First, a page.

Last week, Bob Diamond, a former Barclays bank boss and Ashish Thakkar founder of Mara Group, together with the Government of Rwanda, kick-started an exercise that is likely to end up with the duo obtaining controlling stake in the commercial banking subsidiary of the Development Bank of Rwanda (BRD).
The two co-founders of Atlas Mara, a London-listed entity with a long-term vision to establish a leading financial services group in sub-Saharan Africa, are envisaged to acquire a 77 per cent stake in BRD’s commercial arm.
In their first joint statement regarding this deal, American Bob Diamond and Ugandan Ashish Thakkar stated that what attracted them most about Rwanda were the favourable economic policies that have been put in place over the last two decades.
In fact, Diamond said that Rwanda’s model economy will continue to benefit from the engagement of the private sector, while his partner, Thakkar, explained that he was proud to play a role in providing access to capital for the millions of young aspiring Rwandan entrepreneurs like him.
This is reason to pause and reflect on what such a deal with clear elements of financial globalisation means to an ordinary Rwandan citizen, seeking to set up a small-to-medium enterprise with ambitions to raise own living standards, create jobs, and improve the country’s ability to export to advanced industrial countries.
Before considering what this deal means for those eager to access financial capital and those keen to see more competition introduced in the Rwandan financial sector, I want to elaborate on the context of the globalisation I want to talk about.
I want to talk about globalisation in relation to multinational companies.
Globalisation is not a new concept, in fact in the 19th century, the rise of cheap sea transport and the telegram all contributed to globalisation.
Today, although the same principles still apply, globalisation has become quite simply a process by which the whole world becomes a single market. This single market in an ideal world means that goods and services, capital, and even labour can be traded on a worldwide basis.
For the purpose of this article, however, I will concentrate on the importance of multinational companies as agents of this trade, particularly as agents of capital.
Multinational financial companies are capable of bringing the benefits of globalisation to a country of final destination.
Such benefits may include the ability to enable local services to be available to international consumers, the ability to transfer technology from advanced countries to the local economy, the ability to contribute to low inflation and low interest rates, and the ability to create jobs and contribute to local economic growth.
Given all these potential benefits, it is no wonder that multinational companies are often welcomed with open arms, not to mention, encouraged to explore the entire economy for viable business opportunities, and rightly so.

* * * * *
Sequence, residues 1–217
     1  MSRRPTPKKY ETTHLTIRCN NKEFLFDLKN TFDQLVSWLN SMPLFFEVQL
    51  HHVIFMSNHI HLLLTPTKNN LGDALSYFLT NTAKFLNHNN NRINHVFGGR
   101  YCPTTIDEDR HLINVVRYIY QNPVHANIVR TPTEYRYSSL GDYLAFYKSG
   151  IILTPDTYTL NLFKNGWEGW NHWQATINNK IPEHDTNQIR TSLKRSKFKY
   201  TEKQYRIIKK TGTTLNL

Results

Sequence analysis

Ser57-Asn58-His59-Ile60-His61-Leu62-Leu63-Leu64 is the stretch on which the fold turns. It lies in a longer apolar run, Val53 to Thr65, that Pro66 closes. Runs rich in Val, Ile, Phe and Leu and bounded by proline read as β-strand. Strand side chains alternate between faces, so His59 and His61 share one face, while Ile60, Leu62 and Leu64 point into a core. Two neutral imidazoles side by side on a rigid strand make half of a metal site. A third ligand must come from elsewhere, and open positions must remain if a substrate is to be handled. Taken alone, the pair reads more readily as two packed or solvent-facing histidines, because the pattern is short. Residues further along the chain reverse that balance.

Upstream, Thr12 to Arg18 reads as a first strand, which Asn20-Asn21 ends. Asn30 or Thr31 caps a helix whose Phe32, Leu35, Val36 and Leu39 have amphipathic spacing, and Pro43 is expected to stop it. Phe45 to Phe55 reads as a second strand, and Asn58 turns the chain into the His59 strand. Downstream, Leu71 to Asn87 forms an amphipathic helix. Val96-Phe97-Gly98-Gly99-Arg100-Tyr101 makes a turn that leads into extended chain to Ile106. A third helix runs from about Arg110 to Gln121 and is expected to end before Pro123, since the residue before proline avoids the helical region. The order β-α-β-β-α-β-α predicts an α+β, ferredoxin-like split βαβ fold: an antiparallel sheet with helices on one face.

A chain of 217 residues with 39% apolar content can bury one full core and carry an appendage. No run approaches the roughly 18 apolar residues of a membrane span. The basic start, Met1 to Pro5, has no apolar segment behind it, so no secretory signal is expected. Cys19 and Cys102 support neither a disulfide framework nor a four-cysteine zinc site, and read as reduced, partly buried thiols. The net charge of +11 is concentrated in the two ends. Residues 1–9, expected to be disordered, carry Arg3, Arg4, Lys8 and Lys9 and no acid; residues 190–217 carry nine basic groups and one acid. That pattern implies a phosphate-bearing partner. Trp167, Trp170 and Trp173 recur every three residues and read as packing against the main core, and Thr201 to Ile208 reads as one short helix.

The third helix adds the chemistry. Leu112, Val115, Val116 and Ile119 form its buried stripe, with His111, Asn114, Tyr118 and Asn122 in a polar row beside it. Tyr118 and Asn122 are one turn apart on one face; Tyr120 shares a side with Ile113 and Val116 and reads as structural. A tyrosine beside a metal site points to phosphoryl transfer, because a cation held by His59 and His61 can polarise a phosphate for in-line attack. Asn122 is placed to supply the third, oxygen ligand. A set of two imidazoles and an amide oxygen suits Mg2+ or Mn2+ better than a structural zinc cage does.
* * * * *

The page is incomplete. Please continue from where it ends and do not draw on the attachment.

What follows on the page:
That said, it is worthy to note that multinationals always scout the globe to take advantage of the best deals available, deals that are first and foremost profitable for shareholders.
Such banking institutions invest largely in major projects with potential for huge returns. Also, although such projects have the potential to benefit society at large; for example, energy related projects; their financial rewards are often limited to the lucky few – those with direct links to the projects and the lucky few with shares in those institutions.
Indeed, Joseph Stiglitz, a recipient of the Nobel Memorial Prize in Economic Sciences, reminds us that corporations are in the business of making money, not to provide charity.
The challenge, therefore, is that multinational companies have often abused the principles upon which globalisation is expected to operate under – fairness.
Stiglitz explains that the fundamental principle that multinationals are in the business of making money and not providing charity underlines both their strength and their weakness. Indeed, it is this quest to satisfy their shareholders at any cost that worries me.
Adam Smith argued that individuals, in pursuing their self-interest, would advance the broader interests of society; that incentives to outcompete rivals would lead to lower costs.
However, that argument has often been misrepresented by some economists who go as far as saying that the sole responsibility of corporations is to their shareholders and no one else – to make them money at any cost.
Therefore, if this new venture between Bob Diamond and Ashish Thakkar is set to follow the misrepresentation of Adam Smith’s theory where the interests of shareholders have to be met at any cost, that is to say, by expecting instantaneous and substantial returns, we can safely assert that this venture will only benefit the upper-class, a class that already has access to financial capital through existing avenues with the ability to apply for substantial loans.
In such a world, those dreaming of starting a small or medium venture have no room. They do not possess the necessary collateral or the means to raise it.
But, then again, this is hypothetically speaking. I see no reason why Mr Diamond and Mr Thakkar cannot make globalisation work for Rwanda by marshalling in enormous resources, spread the most advanced technology, and increase exponentially access to finance for Rwandan businesses, both small and large, while understanding that their venture is a long-term investment.
Similarly, I see no reason why the two co-founders of Atlas Mara would not replicate what Muhammad Yunus introduced in Bangladesh through Grameen Bank where he revolutionised the thinking on how to lend to the poorest and most rural segments of society.
The writer is a UK Parliamentary Intern and holds a Master of Science in Public Service Policy.